Bilateral Forelimb Lameness in
an 11 year-old Thoroughbred
Drs. Karyn Labbe and Beth Biscoe, Washington State University
Dr. John Mattoon, Washington State University
Bilateral forelimb lameness in an 11
year-old Thoroughbred
• Patient is a previous racehorse acquired by the
owner with the intended use of barrel racing
• History of intermittent lameness in both
forelimbs noticed by the owner 9 months prior
• No improvement was seen with a prolonged
period of stall rest
Primary Veterinarian Workup
• Injection of both fore coffin joints resulted in
transient lameness improvement for 3 months
• Referring radiographs of the left front foot
revealed moderate navicular bone degeneration
Lameness evaluation at presentation
• Patient showed a grade II/V left fore lameness,
which was exacerbated by left circling
• Left fore palmar digital nerve analgesia resolved
the left fore lameness and resulted in the horse
displaying a grade III/V right fore lameness
• Right fore palmar digital nerve analgesia
improved the RF lameness greater than 75%
Further Imaging
• The decision was made for MRI of both fore feet
• Nail screening radiography prior to MRI identified
a type II fracture of the right fore third phalanx
Advanced Imaging
MRI Left Front Foot Region
• MRI Proton Density (PD) transverse images shown
• Distal to proximal
• 2 vitamin E capsules were placed along lateral side
MRI Left Front Foot Region
Sagittal Plane
• Proton Density sagittal plane
• Lateral to medial
MRI Findings Left Front Foot Region
• Multifocal areas of hyperintensity associated with
both lobes of the deep digital flexor tendon
• Symmetrical biaxial lobes of tissue isointense to
the DDFT that span from the palmar margin of
the distal navicular suspensory ligament
proximally and axially to merge with the DDFT
lobes/fibrocartilaginous dorsal DDFT border
• Hypointense tissue in the navicular bursa
between the navicular suspensory ligament and
dorsal-axial margin of the DDFT lobes, likely
represent adhesions
MRI Findings (continued)
• Enlargement and heterogenous intensity of the
impar ligament
• Avulsion fragment of the distolateral border of
the navicular bone at the impar attachment
• Marked thickening of the distal digital annular
• Due to the poor prognosis for competitive use as
a barrel horse, the patient was retired
• This case was selected because of the described
biaxial symmetrical lobes of tissue between the
navicular suspensory ligament and the DDFT
• A symmetrical finding was found in the
contralateral forelimb
• Due to the bilateral symmetry, the tissue likely
represents a congenital anatomic variant
Right Front, PD transverse
Commentary (continued)
• It is considered that the relationship of the tissue
connecting the DDFT dorsal border and the
navicular suspensory ligament may have altered
the biomechanics of the distal limb (especially
with extension of the DIP joint)
• This may have placed additional strain on the
DDFT distal to the site of tissue attachment,
predisposing it to tendinopathy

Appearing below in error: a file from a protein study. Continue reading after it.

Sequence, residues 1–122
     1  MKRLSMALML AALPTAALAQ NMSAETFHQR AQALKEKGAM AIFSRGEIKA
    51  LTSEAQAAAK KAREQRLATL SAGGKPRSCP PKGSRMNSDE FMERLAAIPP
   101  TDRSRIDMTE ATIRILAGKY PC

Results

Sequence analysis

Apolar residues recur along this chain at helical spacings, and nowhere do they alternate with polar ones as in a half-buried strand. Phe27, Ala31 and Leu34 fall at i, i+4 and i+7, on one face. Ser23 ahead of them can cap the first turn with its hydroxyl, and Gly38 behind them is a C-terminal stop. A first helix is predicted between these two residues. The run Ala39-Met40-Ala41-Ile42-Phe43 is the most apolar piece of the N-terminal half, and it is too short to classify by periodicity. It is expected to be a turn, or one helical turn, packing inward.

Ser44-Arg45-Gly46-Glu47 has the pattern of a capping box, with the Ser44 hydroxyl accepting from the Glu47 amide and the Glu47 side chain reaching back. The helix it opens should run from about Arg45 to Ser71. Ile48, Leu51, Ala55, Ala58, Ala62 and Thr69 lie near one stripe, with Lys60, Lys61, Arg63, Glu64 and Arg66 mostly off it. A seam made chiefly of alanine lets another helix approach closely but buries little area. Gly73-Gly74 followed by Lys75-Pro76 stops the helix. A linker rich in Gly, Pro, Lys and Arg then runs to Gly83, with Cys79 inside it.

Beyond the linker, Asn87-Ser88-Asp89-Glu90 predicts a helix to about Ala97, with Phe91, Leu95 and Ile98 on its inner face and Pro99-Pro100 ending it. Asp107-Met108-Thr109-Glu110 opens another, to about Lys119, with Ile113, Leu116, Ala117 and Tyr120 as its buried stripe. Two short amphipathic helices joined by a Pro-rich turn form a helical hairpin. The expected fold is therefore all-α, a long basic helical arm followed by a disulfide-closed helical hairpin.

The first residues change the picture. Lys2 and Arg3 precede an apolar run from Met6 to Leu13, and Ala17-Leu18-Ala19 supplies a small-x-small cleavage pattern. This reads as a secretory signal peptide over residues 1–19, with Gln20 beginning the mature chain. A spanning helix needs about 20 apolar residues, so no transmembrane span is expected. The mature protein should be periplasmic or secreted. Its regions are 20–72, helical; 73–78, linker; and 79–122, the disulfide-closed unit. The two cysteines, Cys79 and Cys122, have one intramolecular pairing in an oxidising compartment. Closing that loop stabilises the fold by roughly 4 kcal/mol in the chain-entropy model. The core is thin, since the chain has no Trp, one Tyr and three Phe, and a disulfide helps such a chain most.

Commentary (continued)
• The palmar carpal ligament extends distally to
form the accessory ligament of the DDFT (inferior
check ligament). No reports of additional DDFT
accessory ligaments or a tripartite DDFT at the
level of P2 were found in a literature search but
are considered present in this horse, discovered
in both the left and right forelimbs
Commentary (continued)
• The “T ligament” is described anatomically as
vascular connective tissue separating synovial
structures in the palmar foot, including palmar
pouch of the coffin joint, proximal recess of the
navicular bursa and distal recess of the digital
tendon sheath
• Although the observed tissue in the sagittal
images was in a similar location as the T ligament,
the tissue displayed hypointense signal similar to
dense collagen connective tissue comprising
tendons and not the typical “T ligament”
Commentary (continued)
• Fibrinous adhesions can form between the
navicular suspensory ligament and DDFT. Over
time collagen can be deposited resulting in a
fibrous adhesion. However, due to the biaxial
symmetry as well as bilateral symmetry of the
discrete bundles discovered in this horse, fibrous
adhesions are thought a less likely explanation
Commentary (continued)
• It was also interesting to evaluate the right fore
type II third phalanx fracture on MRI
• The bone margins at the fracture site were PD
hypointense consistent with sclerosis, but did not
demonstrate hyperintensity on STIR sequences
Commentary (continued)
• Characteristics of this fracture on MRI support a
chronic fracture that has healed by a fibrous
union, associated with the vestigial periosteum of
the coffin bone (Butler JA, Colles CM, Dyson SJ, Kold SE, Poulos PW.
Clinical Radiology of the Horse, 3rd ed., p.88, 2008, Wiley-Blackwell)
• This case demonstrates the potential advantage
of utilizing additional imaging diagnostics like MRI
to evaluate soft tissue structures in the foot for a
cause of lameness even though obvious bony
lesions were identified on radiographs
Right Front, Type II P3 fracture
Transverse, PD
Transverse, STIR
Right Front, Type II P3 fracture
Dorsal, 3D
Right Front, Type II P3 fracture
60-degree dorsoproximalpalmarodistal oblique
Lateral 45 degree proximalmedial distal oblique

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